- Care and security staff work in shifts, so someone is always available round the clock
- Opportunity to interact and spend time with other residents
- Schedule of group activities on offer, usually including memory care and reminiscence
- Some care homes can provide certain medical services, such as administering medication or catheter care.
Day care centres
If you’re only looking for a few hours of support each week, local day centres could provide the right level of respite services.
Day care centres are often run by trained care staff and volunteers, and provide practical support, engaging activities, and the chance to socialise. Exactly what they offer can differ between day centres, however, most will offer –
- A choice of morning, afternoon, or all-day sessions
- A supportive environment focused on socialising
- Enjoyable and therapeutic activities such as music, quizzes, crafts, and day trips
- Tea, refreshments, and hot meals
What are the disadvantages of respite care?
Because taking a period away from your caring responsibilities can be beneficial to both you and your loved one, there aren’t really any disadvantages so to speak. However, there are some potential challenges you may encounter that it’s important to prepare for.
If your loved one is living with cognitive impairment, you may worry that they’ll become upset or confused if you’re not there, and be unable to fully enjoy your time away. Confusion or psychological stress can be difficult to deal with and this is why caregiver quality is so important. An experienced dementia carer will know the best ways to manage these behaviours, and keep your loved one as calm and comfortable as possible.
Because there are many types of replacement care – the cost and provisions of care provided can differ a huge amount. When choosing the right option for your loved one, be sure to ask your provider or carer for a detailed breakdown of exactly what they can or can’t assist with in your absence.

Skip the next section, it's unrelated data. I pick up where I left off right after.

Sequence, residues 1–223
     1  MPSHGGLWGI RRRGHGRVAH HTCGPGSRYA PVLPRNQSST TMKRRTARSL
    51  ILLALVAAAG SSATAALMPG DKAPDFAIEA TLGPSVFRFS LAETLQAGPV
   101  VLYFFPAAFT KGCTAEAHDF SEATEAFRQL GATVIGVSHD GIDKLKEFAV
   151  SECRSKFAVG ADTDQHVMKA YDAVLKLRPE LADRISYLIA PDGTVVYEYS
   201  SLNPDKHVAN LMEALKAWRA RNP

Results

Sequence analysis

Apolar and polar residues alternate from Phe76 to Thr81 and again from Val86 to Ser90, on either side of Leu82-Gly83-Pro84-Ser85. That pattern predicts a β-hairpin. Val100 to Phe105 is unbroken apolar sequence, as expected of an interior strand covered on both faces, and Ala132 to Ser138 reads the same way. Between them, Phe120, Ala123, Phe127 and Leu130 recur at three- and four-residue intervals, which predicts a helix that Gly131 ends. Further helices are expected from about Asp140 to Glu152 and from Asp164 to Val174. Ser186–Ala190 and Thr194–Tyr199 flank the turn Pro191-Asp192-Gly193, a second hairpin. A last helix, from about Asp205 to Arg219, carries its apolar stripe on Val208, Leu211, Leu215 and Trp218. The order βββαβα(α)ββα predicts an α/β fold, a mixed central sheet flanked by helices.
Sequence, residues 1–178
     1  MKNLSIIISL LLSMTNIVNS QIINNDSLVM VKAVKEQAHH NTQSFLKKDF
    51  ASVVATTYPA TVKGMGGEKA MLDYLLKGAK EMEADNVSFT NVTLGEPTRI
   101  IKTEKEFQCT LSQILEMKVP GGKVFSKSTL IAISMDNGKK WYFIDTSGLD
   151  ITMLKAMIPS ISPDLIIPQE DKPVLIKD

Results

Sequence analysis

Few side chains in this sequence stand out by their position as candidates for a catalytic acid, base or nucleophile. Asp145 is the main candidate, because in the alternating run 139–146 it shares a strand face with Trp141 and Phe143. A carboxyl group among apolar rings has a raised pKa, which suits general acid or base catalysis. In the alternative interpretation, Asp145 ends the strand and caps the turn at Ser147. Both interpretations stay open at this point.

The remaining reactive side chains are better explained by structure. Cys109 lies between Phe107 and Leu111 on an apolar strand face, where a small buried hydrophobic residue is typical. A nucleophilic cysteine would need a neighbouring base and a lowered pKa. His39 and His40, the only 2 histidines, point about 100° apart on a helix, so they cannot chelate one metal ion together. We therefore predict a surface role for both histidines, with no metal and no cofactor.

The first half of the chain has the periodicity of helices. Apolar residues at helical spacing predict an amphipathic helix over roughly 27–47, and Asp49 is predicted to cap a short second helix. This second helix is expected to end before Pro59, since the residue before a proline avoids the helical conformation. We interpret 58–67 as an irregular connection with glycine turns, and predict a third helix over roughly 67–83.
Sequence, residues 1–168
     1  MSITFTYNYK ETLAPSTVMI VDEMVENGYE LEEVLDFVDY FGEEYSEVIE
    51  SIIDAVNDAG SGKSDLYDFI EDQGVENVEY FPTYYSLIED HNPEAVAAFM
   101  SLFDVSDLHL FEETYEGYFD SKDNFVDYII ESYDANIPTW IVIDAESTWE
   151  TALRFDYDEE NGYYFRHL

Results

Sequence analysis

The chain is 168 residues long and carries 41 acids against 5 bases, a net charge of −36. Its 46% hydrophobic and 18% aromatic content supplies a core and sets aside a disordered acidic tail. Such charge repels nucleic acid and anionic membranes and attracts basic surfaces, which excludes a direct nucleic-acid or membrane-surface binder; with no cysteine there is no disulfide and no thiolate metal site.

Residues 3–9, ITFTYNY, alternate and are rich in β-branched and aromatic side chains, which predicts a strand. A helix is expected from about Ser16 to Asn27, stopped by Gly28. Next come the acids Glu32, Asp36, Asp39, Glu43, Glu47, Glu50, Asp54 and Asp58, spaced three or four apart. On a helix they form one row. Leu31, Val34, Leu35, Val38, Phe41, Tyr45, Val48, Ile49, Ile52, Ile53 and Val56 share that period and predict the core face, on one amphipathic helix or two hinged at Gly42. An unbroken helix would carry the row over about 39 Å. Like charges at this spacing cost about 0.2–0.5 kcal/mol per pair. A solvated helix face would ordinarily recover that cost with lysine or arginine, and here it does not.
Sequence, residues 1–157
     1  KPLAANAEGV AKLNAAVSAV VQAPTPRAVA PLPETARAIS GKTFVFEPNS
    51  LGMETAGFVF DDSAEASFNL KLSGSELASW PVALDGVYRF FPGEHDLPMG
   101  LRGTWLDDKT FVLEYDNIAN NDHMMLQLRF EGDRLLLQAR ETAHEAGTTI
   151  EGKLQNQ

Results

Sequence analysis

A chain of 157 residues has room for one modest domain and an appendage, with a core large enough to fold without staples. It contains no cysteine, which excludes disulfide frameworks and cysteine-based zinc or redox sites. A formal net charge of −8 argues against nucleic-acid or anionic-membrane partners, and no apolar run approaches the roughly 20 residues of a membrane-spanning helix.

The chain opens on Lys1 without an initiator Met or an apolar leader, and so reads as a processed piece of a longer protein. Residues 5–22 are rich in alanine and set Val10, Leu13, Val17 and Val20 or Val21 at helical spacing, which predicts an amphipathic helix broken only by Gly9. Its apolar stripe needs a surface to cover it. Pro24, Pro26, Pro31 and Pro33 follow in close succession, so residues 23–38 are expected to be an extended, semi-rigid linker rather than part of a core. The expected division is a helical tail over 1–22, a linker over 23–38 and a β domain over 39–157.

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How do you arrange respite care for someone living with dementia?
If you’ve experienced any of the below feelings, it may be a good time to arrange a short period of respite.
- You feel worn out
- Your sleep patterns have been interrupted
- You feel isolated or disconnected from your other family or friends
- You occasionally feel angry or frustrated by your loved one
There are a few important steps to take to ensure you’re arranging quality respite care services.
1. Consider the level of care that’s needed
Will your loved one need only a few hours of respite care a day? Will they require overnight care to prevent accidents or wandering? Make a list of every eventuality and need you can think of.
2. Explore your options in detail
Reach out to care providers, care homes, or adult day care services and ask for as much detail as possible. Do they offer specialist dementia respite care? Do the carers they work with have the right skills and demonstrable experience?
3. Involve your loved one as much as possible
Make sure you understand their preferences and that they’re as comfortable as they can be with any plans you make. This may mean introducing them to their potential carer beforehand.
Respite Care for unexpected situations
Sometimes temporary care is needed last minute. If a primary caregiver falls ill for example, you’ll likely need to arrange some form of emergency respite care, with little time to prepare.
A person with dementia may not respond well to unexpected changes, so it’s important that they’re kept in the loop, reassured, and that the situation is handled with sensitivity and positivity.
Is at-home respite care free for dementia patients?
Unfortunately, care is rarely free, and having dementia doesn’t automatically mean a person will be eligible for financial assistance to pay for it. If you’ve not done so already, it’s worth completing a Care Needs Assessment with your local council. This will identify if your loved one has qualifying needs for care funding, which you can then put towards both ongoing and short-term care.
If you’re an unpaid carer, you may also be eligible for carers allowance. You could get £69.70 a week if you care for someone for a minimum of 35 hours a week. Some charities also provide free or subsidised respite breaks and holidays for family carers. So, while you may need to cover the cost of respite care for your loved one, you’ll get quality time away to rest and recharge for free.
This article is for informational purposes only and not to be taken as medical advice. For medical advice, always consult your GP.